Vitamin D is required for IFN-gamma-mediated antimicrobial activity of human macrophages

B13 FABRIpublicationsFabri, M., Stenger, S., Shin, D.M., Yuk, J.M., Liu, P.T., Realegeno, S., Lee, H.M., Krutzik, S.R., Schenk, M., Sieling, P.A., et al., Sci Transl Med. 2011 Oct 12;3(104):104ra102. doi: 10.1126/scitranslmed.3003045.

Abstract

Control of tuberculosis worldwide depends on our understanding of human immune mechanisms, which combat the infection. Acquired T cell responses are critical for host defense against microbial pathogens, yet the mechanisms by which they act in humans remain unclear. We report that T cells, by the release of interferon-γ (IFN-γ), induce autophagy, phagosomal maturation, the production of antimicrobial peptides such as cathelicidin, and antimicrobial activity against Mycobacterium tuberculosis in human macrophages via a vitamin D-dependent pathway. IFN-γ induced the antimicrobial pathway in human macrophages cultured in vitamin D-sufficient sera, but not in sera from African-Americans that have lower amounts of vitamin D and who are more susceptible to tuberculosis. In vitro supplementation of vitamin D-deficient serum with 25-hydroxyvitamin D3 restored IFN-γ-induced antimicrobial peptide expression, autophagy, phagosome-lysosome fusion, and antimicrobial activity. These results suggest a mechanism in which vitamin D is required for acquired immunity to overcome the ability of intracellular pathogens to evade macrophage-mediated antimicrobial responses. The present findings underscore the importance of adequate amounts of vitamin D in all human populations for sustaining both innate and acquired immunity against infection.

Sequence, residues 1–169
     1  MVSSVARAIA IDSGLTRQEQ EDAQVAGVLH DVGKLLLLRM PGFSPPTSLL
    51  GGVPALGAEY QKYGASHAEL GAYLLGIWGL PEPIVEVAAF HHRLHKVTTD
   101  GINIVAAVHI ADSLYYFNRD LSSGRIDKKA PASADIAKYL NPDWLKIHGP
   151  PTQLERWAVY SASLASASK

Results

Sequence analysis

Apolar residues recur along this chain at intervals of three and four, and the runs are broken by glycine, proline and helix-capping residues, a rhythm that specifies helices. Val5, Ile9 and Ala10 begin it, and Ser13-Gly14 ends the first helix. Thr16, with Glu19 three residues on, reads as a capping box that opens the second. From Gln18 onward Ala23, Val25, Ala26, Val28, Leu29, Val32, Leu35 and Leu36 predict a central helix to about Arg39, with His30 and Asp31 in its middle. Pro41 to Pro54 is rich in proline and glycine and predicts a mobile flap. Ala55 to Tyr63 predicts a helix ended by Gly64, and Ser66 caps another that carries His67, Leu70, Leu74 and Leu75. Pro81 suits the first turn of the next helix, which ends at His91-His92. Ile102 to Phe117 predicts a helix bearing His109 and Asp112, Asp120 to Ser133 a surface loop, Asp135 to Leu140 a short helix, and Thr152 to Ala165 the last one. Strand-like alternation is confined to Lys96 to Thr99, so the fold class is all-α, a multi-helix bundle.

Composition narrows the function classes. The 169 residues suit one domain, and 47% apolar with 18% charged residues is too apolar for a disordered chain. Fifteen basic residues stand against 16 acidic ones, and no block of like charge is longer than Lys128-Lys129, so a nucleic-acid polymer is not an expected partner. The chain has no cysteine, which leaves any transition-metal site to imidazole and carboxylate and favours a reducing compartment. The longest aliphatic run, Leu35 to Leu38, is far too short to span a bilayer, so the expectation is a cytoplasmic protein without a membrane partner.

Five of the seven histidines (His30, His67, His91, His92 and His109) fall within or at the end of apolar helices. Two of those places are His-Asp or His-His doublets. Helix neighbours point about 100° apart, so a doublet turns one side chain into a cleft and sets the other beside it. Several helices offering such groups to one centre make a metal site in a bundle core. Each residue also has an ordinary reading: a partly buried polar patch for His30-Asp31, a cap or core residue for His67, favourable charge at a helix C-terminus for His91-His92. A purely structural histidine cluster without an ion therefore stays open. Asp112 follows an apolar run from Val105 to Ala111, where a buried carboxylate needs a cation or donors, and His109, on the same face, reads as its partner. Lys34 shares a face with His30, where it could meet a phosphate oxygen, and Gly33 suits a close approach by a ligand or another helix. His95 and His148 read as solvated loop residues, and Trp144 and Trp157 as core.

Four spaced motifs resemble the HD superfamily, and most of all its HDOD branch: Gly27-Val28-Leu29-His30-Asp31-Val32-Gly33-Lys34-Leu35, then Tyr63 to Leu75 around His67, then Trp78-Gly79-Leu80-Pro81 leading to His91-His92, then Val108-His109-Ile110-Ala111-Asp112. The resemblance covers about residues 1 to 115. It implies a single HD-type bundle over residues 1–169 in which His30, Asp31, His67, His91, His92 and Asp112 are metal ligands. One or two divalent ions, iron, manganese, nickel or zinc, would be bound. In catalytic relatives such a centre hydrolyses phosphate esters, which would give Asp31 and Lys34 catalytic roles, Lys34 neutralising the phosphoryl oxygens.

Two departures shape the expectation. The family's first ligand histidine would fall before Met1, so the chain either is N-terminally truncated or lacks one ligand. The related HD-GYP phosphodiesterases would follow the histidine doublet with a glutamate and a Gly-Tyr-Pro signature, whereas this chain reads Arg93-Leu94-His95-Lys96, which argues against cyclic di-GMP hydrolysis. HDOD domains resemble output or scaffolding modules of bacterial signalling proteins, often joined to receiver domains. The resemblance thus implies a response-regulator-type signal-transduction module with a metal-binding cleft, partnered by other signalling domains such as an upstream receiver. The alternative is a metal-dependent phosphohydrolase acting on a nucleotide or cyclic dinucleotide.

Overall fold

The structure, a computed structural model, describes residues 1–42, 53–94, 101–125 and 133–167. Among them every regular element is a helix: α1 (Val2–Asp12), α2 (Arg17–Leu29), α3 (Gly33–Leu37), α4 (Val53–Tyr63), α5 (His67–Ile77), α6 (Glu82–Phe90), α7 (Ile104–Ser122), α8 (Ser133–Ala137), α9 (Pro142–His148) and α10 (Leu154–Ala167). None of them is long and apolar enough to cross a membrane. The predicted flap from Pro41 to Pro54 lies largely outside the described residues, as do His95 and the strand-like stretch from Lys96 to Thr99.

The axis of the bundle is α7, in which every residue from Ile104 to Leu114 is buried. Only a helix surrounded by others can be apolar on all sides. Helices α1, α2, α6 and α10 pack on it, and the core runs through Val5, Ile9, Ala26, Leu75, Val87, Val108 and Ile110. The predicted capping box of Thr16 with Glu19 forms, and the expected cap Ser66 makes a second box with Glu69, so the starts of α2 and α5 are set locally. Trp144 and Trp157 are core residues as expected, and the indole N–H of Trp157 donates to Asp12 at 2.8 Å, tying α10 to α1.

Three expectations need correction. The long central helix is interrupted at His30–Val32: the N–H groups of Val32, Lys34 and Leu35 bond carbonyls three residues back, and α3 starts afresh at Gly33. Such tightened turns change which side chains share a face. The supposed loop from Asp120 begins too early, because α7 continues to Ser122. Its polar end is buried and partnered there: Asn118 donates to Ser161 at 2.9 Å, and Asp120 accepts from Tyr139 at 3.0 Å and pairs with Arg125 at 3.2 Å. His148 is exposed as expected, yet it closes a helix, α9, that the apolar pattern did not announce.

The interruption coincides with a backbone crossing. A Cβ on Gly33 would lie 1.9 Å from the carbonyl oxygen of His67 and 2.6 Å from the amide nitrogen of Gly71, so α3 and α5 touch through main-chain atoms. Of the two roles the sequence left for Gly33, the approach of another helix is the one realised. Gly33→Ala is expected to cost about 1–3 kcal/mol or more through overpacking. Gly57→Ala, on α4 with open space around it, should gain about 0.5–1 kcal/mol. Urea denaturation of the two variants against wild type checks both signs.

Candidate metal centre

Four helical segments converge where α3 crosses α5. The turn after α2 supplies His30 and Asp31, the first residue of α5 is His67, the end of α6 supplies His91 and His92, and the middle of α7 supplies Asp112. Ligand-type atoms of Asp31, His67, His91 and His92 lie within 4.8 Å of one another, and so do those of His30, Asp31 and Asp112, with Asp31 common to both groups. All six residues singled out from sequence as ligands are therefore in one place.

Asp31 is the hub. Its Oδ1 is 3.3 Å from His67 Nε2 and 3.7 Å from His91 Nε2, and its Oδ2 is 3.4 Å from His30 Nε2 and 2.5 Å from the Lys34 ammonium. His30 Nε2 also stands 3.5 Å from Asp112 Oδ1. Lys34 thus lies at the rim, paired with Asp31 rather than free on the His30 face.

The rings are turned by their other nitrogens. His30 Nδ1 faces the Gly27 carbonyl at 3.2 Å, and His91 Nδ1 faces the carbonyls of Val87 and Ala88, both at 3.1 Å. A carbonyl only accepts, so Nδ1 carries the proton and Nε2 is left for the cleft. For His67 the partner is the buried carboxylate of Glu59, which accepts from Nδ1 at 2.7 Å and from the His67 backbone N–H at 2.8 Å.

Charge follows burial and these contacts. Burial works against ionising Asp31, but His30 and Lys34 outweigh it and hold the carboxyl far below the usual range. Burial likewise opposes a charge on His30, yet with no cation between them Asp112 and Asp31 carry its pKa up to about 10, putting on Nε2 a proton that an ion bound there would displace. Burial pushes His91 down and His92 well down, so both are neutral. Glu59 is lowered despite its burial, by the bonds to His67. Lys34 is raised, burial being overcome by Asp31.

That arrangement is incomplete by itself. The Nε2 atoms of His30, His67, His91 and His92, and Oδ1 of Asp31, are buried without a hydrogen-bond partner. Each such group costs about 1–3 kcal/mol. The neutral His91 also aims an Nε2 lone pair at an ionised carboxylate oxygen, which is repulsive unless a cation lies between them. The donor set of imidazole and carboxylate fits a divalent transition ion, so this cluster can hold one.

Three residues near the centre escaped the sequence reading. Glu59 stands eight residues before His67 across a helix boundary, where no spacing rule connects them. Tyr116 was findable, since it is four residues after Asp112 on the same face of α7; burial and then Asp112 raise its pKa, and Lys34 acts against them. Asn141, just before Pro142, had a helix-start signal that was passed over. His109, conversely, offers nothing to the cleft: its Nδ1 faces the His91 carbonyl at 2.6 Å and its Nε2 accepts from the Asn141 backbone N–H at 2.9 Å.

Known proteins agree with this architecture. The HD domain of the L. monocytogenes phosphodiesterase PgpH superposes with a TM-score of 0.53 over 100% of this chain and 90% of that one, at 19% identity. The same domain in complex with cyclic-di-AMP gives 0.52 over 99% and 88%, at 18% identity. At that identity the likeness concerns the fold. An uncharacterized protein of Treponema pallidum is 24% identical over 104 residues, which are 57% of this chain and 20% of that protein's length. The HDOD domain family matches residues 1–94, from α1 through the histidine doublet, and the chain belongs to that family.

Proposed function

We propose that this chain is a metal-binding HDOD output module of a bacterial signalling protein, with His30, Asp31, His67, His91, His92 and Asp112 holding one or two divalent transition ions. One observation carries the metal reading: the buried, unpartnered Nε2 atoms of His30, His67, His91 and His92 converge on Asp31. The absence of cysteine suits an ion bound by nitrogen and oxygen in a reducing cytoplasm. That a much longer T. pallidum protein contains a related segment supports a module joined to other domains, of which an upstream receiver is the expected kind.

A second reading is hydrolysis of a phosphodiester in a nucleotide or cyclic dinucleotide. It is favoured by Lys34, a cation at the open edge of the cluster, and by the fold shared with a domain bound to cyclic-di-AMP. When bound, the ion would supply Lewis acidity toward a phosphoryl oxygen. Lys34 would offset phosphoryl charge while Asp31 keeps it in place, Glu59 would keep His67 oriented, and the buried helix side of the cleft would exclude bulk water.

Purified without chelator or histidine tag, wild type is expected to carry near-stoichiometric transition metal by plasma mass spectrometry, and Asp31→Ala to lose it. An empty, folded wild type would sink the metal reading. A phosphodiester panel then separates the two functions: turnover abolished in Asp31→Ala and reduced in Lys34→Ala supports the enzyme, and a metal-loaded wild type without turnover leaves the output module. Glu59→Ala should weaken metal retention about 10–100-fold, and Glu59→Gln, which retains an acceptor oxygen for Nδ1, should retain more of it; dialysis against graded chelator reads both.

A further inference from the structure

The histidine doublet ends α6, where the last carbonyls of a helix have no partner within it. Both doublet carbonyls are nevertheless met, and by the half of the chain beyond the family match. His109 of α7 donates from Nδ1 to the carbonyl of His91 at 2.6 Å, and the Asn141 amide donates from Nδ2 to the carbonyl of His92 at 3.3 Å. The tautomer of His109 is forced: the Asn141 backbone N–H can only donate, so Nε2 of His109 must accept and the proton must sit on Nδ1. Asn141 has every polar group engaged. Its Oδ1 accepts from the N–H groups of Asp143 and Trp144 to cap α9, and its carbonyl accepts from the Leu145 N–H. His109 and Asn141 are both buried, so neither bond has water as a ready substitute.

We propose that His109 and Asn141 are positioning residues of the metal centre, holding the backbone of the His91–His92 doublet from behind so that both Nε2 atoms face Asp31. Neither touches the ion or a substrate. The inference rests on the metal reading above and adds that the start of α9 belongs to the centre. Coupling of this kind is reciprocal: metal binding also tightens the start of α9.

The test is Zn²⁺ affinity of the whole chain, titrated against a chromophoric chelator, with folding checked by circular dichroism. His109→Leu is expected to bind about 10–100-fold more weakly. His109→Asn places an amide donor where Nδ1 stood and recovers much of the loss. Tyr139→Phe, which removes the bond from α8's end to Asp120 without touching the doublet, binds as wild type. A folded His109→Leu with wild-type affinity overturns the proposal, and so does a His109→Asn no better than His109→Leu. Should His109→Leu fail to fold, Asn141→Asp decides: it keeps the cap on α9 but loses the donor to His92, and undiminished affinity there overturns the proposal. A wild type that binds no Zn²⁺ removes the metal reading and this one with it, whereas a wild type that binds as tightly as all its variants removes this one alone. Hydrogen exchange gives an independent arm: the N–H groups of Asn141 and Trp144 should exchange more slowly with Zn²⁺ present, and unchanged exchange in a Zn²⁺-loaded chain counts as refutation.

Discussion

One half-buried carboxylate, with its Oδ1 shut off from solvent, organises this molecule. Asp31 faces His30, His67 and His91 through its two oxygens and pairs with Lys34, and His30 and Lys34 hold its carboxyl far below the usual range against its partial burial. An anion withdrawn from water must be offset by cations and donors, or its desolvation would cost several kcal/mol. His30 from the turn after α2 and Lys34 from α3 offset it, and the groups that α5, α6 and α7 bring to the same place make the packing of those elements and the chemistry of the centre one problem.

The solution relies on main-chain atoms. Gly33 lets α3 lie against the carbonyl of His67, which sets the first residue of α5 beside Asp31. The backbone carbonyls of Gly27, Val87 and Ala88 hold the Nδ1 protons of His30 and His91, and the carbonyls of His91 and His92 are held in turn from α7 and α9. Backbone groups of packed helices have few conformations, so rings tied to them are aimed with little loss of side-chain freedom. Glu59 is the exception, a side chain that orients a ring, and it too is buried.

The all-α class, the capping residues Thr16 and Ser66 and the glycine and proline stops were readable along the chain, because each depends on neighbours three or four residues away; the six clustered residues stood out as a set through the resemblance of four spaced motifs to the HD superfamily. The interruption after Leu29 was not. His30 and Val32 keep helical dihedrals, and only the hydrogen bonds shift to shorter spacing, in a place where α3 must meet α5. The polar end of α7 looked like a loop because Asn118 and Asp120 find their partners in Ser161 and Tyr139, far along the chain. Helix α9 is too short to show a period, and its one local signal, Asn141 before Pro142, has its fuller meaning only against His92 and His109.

Pubmed

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